Today, exactly 100 years after her execution, a rose has been planted at Maidstone Hospital, in memory of British nurse, Edith Cavell.
The Edith Cavell rose, was planted in the grounds at the front of the hospital by Mayor of Maidstone, Cllr Daniel Moriarty, and Glenn Douglas, the Chief Executive of Maidstone and Tunbridge Wells NHS Trust.
Who was Edith Cavell?
Edith Cavell was born in 1865 in Norfolk, but she moved to Belgium before returning to care for her sick father. It was then she decided to train as nurse at the Royal London Hospital.
It was during her training that she was sent to Maidstone to help during the Typhoid emergency. The Maidstone outbreak was the biggest in the UK, affecting over 1847 people – 132 of whom died.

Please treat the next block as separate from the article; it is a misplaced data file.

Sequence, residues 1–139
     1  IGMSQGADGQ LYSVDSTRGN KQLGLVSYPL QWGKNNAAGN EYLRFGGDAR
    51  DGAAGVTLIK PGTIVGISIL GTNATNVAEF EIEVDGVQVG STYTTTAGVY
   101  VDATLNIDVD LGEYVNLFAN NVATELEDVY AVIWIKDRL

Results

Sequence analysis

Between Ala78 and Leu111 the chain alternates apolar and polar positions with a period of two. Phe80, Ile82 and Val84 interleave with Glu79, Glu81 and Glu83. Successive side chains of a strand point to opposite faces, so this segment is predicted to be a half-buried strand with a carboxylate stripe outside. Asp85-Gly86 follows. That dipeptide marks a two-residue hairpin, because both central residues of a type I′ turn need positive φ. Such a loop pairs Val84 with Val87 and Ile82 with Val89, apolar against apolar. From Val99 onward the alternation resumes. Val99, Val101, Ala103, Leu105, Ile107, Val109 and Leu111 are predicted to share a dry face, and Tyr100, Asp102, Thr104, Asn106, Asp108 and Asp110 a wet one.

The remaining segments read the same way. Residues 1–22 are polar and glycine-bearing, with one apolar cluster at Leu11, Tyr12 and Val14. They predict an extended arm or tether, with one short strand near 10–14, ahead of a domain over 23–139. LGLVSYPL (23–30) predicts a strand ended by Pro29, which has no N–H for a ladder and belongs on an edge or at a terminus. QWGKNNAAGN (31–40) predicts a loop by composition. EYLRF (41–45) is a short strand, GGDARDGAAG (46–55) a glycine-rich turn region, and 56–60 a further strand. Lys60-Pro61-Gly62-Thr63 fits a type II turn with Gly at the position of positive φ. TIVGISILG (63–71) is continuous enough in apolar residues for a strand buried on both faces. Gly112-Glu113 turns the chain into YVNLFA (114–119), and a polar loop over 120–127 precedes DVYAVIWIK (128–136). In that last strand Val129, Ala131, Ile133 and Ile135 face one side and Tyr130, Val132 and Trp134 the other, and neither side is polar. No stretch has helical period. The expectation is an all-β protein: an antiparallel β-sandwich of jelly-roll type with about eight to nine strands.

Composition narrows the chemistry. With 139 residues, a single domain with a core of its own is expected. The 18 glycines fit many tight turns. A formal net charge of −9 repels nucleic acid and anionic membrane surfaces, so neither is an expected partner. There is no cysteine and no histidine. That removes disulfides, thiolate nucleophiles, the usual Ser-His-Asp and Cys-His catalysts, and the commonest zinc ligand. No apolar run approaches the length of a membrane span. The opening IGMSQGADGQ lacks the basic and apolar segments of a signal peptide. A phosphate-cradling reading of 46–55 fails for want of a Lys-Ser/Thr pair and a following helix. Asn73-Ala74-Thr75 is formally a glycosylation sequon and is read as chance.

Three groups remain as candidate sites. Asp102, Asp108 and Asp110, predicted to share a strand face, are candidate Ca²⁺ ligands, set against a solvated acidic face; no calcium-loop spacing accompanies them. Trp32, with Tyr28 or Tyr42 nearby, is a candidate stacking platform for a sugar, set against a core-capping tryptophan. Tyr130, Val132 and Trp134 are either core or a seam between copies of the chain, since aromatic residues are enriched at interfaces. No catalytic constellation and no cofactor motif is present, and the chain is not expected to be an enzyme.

Once the outbreak was over, nurses were given the Maidstone Medal for their services – it was the only honour that she received.
In 1907, Edith moved to Belgium and eventually became Matron of the first Nurse Training School.
At the outbreak of war in 1914 she was visiting family in the UK and quickly travelled back to Belgium. She set about nursing soldiers from all sides, regardless of background, race or rank, and did her best to smuggle British and Allied soldiers through neutral Holland to safety. The German forces suspected her and she was arrested. After a long investigation they convicted her and she was sentenced to death.
Despite international condemnation, she was executed by firing squad at dawn on October 12th 1915. On the eve of her death she famously said, “Patriotism is not enough – I must have no hatred or bitterness towards anyone.”
Edith Cavell, who was 49 at the time of her execution, was already notable as a pioneer of modern nursing in Belgium.
Her memorial in central London carries these words and a fund set up in her memory still helps nurses today.
More details and photos can be seen in the display on the ground floor corridor of Maidstone Hospital.